WILSON’S LOCAL PRINT AND DIGITAL COMMUNITY INSTITUTION SINCE 1896

Newspaper errors, typos and goof-ups

By Keith Barnes
Posted 7/16/19

For as long as newspapers have been in existence, starting with the first one published in England in 1665, mistakes have shown up in most if not all of them. With few exceptions, none were made on …

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Newspaper errors, typos and goof-ups

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Posted

For as long as newspapers have been in existence, starting with the first one published in England in 1665, mistakes have shown up in most if not all of them. With few exceptions, none were made on purpose.

If you peruse this or any other paper, you are likely to find errors lurking and waiting to be discovered by the reading public.

Mistakes can come in many forms. They might be the result of misspelled, mispronounced or misused words, misplaced modifiers, incorrect verb tense or conjugation, faulty punctuation, incorrect information received, poor word arrangement or just plain not thinking or paying attention.

Regardless of how, why or who is to blame, be assured someone will let you know about each mistake that slips into print.

Unless they are the kind that might result in pain or harm, most mistakes found in newspapers can actually provide fun and entertainment.

My mother was a fine lady who enjoyed reading the daily newspapers throughout her lifetime, yet one of her strangest pleasures was finding mistakes in the paper. She usually underlined the mistake with a pen, cut it out and slipped the clipping into her pocketbook where she carried it for days while waiting to point it out to anyone who would listen.

She always included the statement “I should have been a proofreader.”

This mistake-finding endeavor of hers was not carried out with any degree of malice. Instead, she seemed to truly embrace and enjoy it as if it was a fun hobby.

Therefore, in honor and memory of my mother, the following newspaper goof-ups as found in various recent newspapers throughout the U.S. are provided for your reading pleasure.

They all came directly from the pages of “The Mammoth Book of Humor,” edited by Geoff Tibballs and published by Carroll & Graff Publishers in 2000.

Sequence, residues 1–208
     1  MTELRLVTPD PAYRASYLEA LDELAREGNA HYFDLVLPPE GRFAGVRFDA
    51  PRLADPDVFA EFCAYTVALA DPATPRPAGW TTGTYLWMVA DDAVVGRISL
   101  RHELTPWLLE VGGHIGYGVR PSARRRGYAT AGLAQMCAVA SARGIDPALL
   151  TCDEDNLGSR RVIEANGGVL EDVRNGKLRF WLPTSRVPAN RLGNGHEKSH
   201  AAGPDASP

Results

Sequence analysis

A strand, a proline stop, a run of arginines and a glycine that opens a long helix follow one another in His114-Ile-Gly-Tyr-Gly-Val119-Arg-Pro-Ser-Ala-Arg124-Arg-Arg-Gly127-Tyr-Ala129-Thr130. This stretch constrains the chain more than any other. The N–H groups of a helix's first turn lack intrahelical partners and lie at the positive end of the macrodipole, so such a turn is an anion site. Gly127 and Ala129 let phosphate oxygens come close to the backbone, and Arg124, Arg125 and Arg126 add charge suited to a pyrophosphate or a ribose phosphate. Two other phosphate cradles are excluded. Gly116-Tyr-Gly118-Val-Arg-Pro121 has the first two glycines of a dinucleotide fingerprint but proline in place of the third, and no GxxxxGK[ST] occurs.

Included are a selection of newspaper headlines and excerpts as found in a mixture of articles.

Among the better headline offerings are:

• “Father should be included in planning for first child.” (Richmond News-Leader)

• “Something went wrong in jet crash, experts say.”

• “Officer convicted of accepting bride.” (Raleigh News & Observer)

• “New study of obesity looks for larger test group.”

• “Santa Rosa man denies he committed suicide in South San Francisco.”

• “Grandmother of eight makes hole in one.”

• “Cold wave linked to temperatures.”

• “Lack of brains hinders research.” (Columbus Dispatch)

• “Blind woman gets kidney from dad she hasn’t seen in years.”

• “Man run over by freight train dies.”

• “Thugs eat, then rob proprietor.”

• “Include your children when baking cookies.”

• “Teenage girls often have babies fathered by men.” (The Sunday Oregonian)

Among the other good ones are:

• “Mr. and Mrs. Kenneth Walts of Vendocia are announcing the approaching marriage of their daughter, Carole, to Mr. John H. Buchanan. The couple will exchange cows at 7:30 Saturday evening.” (Delphose Herald of Ohio)

• “Mr. Travis lost a finger when a poisoned dog to which he was administering an anecdote bit him.”

• “According to the complaint Mrs. O’Donnell says her husband started amusing her three days before the marriage.”

• “Dale Martin, an entertainer, has been ordered by a provincial court judge to avoid making anyone pregnant for the next three years.”

• “Miss Hazel Foster’s gladioli garden has been attracting considerable attention of late. She spends many hours among her large collection of pants.”

• “Dog for sale: Eats anything, fond of children.”

• “We note with regret that Mrs. Calhoun is recuperating from an automobile accident.” (Florida Baptist Witness)

• “George Burrell has had charge of the entertainment during the past year. His birth-provoking antics were always the life of the party and he will be greatly missed.”

• “The murder of the man and the finding of the body was followed by a series of tragedies, including the suicide of the murdered man.” (Idaho Falls Times Register)

• “The Sunbeam Band of Central Baptist Church, meeting at ten clock at the church where transportation will be provided to a picnic will be hell in the county.”

• “On July 11 he suffered a stroke but with the loving care of his family and his efficient nurse he never fully recovered.”

• “After Governor Baldridge watched the lion perform he was taken to Main Street and fed 25 pounds of raw meat in front of the Fox Theater.” (Idaho Statesman)

Keith Barnes, a Wilson storyteller and author, a reporter for the Johnstonian News. Email him at kbarnes.jhn@wilsontimes.com.

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